For starters, we measured the strength of the wireless signal across the apartment, using inSSIDer. Below you can see how the signal strength evolves from room to room when using the 2.4 GHz wireless network. TP-LINK Archer C8 delivers generally good signal strength across the whole apartment. However, the ASUS RT-AC56U is delivers better signal strength in the rooms closer to the router, while TP-LINK Archer C8 delivers better signal in those further away from it.
When it comes to the signal strength for the 5GHz wireless, TP-LINK Archer C8 is better across all rooms.
Next, we measured how fast the download speed was, using SpeedTest. When using the 2.4 GHz wireless network, the downloads speed was generally good on both routers, except for the most remote room in the apartment, where both fared quite badly.
In terms of upload speed, TP-LINK Archer C8 was the uncontested winner. It's interesting that, in most rooms, it managed to deliver an average upload speed that was higher than the download speed.
When measuring the download speed with SpeedTest on the 5GHz wireless network, ASUS RT-AC56U was generally faster than TP-LINK Archer C8.
However, when we measured the upload speed, TP-LINK Archer C8 was again the uncontested winner. Just like when using the 2.4 GHz wireless network, the upload speed was surprisingly good and, in some rooms, it was better than the download speed.
Next, we used LAN Speed Test Lite to measure downloads and uploads when transferring a 350 MB file between two computers connected to the network. We did this first on the 2.4 GHz wireless networks.
In the graph below you can see that ASUS RT-AC56U was faster in the rooms that are closer to the router while TP-LINK Archer C8 was faster in those which are farther away from it.
The upload speed test confirmed once again that TP-LINK Archer C8 is very good at handling uploads. Again, in some rooms it delivered faster uploads than downloads.
We did the same measurements also on the 5GHz wireless network. TP-LINK Archer C8 delivered solid performance across the board and it was faster than ASUS RT-AC56U in all rooms.
In terms of upload speed over the 5GHz wireless network, TP-LINK Archer C8 was again a very strong performer.
Wired Network Performance
In order to test the quality of the wired Ethernet connection, we used a desktop PC, equipped with an Intel Core i5 4460 processor, running at 3.20GHz, 16GB of RAM and a very fast Samsung 850 Pro 512GB SSD and a Microsoft Surface Pro 3 with an Intel Core i5-4300U processor, running at 1.9 GHz, 8 GB of RAM and a fast 256 GB SSD drive from Samsung.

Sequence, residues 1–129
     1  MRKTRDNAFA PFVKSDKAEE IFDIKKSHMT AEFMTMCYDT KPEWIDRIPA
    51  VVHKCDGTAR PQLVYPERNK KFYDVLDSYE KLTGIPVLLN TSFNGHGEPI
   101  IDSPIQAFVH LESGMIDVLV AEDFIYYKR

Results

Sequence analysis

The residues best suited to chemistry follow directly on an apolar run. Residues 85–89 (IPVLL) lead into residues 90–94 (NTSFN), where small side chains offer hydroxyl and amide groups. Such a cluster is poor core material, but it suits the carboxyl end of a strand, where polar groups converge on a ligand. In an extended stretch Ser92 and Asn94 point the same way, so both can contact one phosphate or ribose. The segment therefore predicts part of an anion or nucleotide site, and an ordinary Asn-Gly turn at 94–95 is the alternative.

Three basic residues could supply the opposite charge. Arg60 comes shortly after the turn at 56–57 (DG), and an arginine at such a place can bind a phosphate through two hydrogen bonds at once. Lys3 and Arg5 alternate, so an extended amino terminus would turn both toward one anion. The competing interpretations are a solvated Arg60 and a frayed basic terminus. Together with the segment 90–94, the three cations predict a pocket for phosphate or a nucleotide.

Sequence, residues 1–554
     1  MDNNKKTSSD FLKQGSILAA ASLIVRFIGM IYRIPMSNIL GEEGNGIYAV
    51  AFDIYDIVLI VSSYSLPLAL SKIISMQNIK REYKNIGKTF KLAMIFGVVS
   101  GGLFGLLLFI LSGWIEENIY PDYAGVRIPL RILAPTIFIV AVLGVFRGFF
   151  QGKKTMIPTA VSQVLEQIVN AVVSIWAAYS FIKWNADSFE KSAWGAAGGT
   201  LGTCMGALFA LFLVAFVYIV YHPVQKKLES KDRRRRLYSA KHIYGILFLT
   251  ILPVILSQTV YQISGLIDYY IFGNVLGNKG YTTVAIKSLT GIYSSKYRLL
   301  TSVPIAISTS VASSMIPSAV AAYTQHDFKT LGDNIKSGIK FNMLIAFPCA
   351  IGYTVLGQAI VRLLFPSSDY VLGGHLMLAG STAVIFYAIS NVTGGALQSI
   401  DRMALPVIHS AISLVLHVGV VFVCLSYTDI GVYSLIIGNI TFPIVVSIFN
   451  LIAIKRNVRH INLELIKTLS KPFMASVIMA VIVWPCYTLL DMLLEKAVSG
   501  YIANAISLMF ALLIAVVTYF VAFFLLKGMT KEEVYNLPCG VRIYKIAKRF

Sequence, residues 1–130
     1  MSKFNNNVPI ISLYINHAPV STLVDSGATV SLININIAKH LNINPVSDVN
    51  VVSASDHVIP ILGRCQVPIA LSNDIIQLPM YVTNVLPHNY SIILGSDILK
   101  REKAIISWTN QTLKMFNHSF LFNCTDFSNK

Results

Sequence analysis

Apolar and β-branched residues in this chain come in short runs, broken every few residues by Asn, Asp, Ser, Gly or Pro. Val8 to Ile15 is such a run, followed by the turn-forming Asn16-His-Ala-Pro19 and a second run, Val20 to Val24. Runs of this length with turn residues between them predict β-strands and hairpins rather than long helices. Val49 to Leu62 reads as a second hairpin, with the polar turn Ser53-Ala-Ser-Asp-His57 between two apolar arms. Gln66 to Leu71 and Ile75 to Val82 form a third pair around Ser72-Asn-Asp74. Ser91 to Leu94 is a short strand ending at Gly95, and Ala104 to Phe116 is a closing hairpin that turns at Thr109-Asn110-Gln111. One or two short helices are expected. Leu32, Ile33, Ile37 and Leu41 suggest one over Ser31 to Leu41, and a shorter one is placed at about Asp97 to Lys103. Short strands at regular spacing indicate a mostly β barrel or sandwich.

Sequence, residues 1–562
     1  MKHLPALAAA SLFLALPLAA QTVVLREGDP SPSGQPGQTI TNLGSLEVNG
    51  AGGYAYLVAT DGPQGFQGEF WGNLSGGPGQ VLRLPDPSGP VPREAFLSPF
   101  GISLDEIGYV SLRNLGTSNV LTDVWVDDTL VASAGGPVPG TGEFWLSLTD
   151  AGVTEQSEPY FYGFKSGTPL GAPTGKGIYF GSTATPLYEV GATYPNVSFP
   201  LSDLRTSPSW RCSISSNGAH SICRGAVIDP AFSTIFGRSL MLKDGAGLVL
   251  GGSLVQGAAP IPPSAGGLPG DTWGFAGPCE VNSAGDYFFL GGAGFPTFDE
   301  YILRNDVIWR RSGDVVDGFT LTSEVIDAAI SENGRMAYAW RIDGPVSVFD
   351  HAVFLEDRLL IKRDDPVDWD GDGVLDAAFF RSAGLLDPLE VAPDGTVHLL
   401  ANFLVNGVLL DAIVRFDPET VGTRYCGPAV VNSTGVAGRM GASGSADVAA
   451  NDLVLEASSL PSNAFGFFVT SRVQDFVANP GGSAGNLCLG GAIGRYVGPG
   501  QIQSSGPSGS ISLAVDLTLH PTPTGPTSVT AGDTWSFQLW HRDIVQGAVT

First, we measured the download and upload speeds using SpeedTest. When downloading data from the SpeedTest servers, TP-LINK Archer C8 was slightly faster than the ASUS RT-AC56U router.
When uploading data to those servers, TP-LINK Archer C8 was slightly slower than the ASUS RT-AC56U router, so there's now clear winner between the two when using SpeedTest.
For our final test, we measured the download and upload speeds when transferring a 883 MB file to and from the two computers connected to the network, both of which were using an Ethernet cable.
This time, TP-LINK Archer C8 delivered both faster downloads and uploads. As you can see, the download speed offered by this router is very close to the promised 1 Gbps Ethernet connection.
The same was true when measuring the upload speed.
In terms of extra features, TP-LINK Archer C8, offers the following:
- Guest Network - we were impressed by the amount of controls that TP-LINK offers for creating Guest networks. You can set them in a very detailed manner.
- Parental Control - a basic set of controls which allow you to control the Internet access for the devices that are used by your children. We found it relatively hard to configure when compared to routers made by other manufacturers.
- Access Control - this router offers the possibility to create all kinds of advanced rules that apply to the traffic on your network.
- TP-LINK Tether - an Android and iOS app that allows you to manage the router from your smartphone. Unfortunately there is no version for Windows Phone.
The list of extra features offered by TP-LINK Archer C8 is less generous than that of other vendors. However, everything that's offered works well and adds value to users.
Where To Buy
It was the first time we tested a TP-LINK router and we must say that we are pleased by Archer C8. It is not the world's' fastest router by any means but it doesn't want to be. TP-LINK Archer C8 is a reasonably priced mid-range router that delivers solid performance you can count on. It offers good signal strength, a reasonably wide coverage and good transfer speeds. It's especially fast when wirelessly uploading data to other computers on the network or the Internet. Its few downsides are the design, which makes it impossible to mount on a wall or ceiling and the fact that the user interface is only available in English. Also, the router doesn't recommend that users change their admin password when setting it up. TP-LINK Archer C8 is a solid choice for those who want a reliable router, with support for modern standards, at a reasonable price.